No, even if you could, it wouldn't use the extra memory.
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Old 07-10-2011, 06:09 PM   #12
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Quote:
Originally Posted by sk33tr View Post
would an ssd work in a ps3?

they're the same size (basically) at 2..5".

i realize they're way more expensive for a smaller drive; $75 for a 500gb laptop hdd vs. $220 for a 120gb ssd; but i'm looking for the speed.
You could but it would get the ps3 very warm (and console+heat=bad). That is why it is recommended to only use 5400 RPM ones.
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Old 07-10-2011, 08:14 PM   #13
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This needed to be said. It bugs the hell out of me when people use memory and hard drive interchangeably; they're not one and the same.
Well, in fact a hard drive is a memory. It's just not common to use the term memory for a hard drive. But if you want to be precise, a hard drive is even a "better memory" than a RAM module for example, since it memorizes stuff permanently.
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Old 07-10-2011, 09:19 PM   #14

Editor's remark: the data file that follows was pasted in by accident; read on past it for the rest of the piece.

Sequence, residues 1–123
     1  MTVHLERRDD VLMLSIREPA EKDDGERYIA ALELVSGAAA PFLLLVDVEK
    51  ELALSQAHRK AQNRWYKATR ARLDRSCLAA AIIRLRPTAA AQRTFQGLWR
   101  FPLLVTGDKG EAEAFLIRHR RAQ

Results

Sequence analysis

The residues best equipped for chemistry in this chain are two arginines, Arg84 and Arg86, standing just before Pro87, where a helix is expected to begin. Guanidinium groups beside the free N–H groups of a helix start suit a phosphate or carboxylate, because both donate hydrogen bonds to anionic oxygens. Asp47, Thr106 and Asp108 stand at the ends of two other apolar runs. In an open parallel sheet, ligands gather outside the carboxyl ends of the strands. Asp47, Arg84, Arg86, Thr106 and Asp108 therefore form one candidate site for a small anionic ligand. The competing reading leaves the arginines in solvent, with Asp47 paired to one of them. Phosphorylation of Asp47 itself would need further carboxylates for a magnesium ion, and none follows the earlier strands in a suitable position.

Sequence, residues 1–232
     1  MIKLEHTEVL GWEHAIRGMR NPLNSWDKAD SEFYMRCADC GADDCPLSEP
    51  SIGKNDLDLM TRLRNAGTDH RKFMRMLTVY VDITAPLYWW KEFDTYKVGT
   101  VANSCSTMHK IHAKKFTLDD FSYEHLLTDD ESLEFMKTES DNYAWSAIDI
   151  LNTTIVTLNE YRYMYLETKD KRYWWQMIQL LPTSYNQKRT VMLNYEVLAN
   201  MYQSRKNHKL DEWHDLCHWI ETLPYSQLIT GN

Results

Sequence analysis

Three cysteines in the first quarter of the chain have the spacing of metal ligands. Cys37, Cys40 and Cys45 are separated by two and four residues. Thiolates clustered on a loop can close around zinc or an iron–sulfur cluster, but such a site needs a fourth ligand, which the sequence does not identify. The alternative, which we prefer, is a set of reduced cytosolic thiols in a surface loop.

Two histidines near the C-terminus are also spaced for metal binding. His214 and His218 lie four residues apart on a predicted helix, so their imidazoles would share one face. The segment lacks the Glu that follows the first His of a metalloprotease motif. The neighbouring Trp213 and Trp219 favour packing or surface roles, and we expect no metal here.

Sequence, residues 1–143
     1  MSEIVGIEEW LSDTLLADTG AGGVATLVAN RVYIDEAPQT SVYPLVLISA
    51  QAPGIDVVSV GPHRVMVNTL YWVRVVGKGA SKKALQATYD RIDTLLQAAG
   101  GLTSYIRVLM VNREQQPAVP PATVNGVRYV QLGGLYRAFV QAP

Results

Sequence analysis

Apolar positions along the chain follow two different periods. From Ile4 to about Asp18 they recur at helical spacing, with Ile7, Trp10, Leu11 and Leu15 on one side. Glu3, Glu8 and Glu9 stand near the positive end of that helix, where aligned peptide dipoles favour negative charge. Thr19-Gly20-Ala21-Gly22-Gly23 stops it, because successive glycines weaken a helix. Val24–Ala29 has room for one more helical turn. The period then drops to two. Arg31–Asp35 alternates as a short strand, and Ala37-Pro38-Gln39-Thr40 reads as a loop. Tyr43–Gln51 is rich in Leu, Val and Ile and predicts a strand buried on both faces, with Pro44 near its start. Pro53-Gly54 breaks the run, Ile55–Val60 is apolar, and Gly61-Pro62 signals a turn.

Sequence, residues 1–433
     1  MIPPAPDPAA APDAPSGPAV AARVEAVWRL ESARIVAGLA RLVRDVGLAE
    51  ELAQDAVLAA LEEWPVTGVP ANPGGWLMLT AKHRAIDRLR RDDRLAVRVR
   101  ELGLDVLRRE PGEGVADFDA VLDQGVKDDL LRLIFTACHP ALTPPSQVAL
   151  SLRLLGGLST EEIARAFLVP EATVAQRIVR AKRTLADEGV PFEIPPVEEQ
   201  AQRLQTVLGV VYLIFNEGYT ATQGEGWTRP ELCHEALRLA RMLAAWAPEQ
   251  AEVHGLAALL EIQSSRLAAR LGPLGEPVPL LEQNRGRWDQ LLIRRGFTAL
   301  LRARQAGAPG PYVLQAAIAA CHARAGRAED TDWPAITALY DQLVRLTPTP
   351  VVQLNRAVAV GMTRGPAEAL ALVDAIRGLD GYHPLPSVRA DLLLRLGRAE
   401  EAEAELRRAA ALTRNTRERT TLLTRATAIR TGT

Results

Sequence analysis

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Quote:
Originally Posted by Wingman1977 View Post
You could but it would get the ps3 very warm (and console+heat=bad). That is why it is recommended to only use 5400 RPM ones.
Do what? lol

AN SSD has no moving parts therefore no friction therefore no heat. What may be an issue is the heat inside the PS3 but I doubt it would be an issue.

Speaking of, I have a spare SSD. I will test this myself
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Old 07-11-2011, 01:13 AM   #15
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I'd definitely recommend upgrading the internal HDD, very easy process. But if you run into difficulties there are plenty of guides online, including videos on youtube. Just be careful with the screws as they can be pretty soft, be sure to have plenty of Philips head screwdrivers around to find the right fit.

And the old 80GB HDD doesn't have to be retired to a drawer, if you get a 2.5" enclosure/caddy (very cheap) you can use it as a USB external drive.
I upgraded my PS3 to a 320GB drive a couple of years ago, but the prices have come down a lot since so you'd be as well going with a 500 or 640GB drive.
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Old 07-12-2011, 07:39 PM   #16
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Quote:
Originally Posted by maze View Post
Well, in fact a hard drive is a memory. It's just not common to use the term memory for a hard drive. But if you want to be precise, a hard drive is even a "better memory" than a RAM module for example, since it memorizes stuff permanently.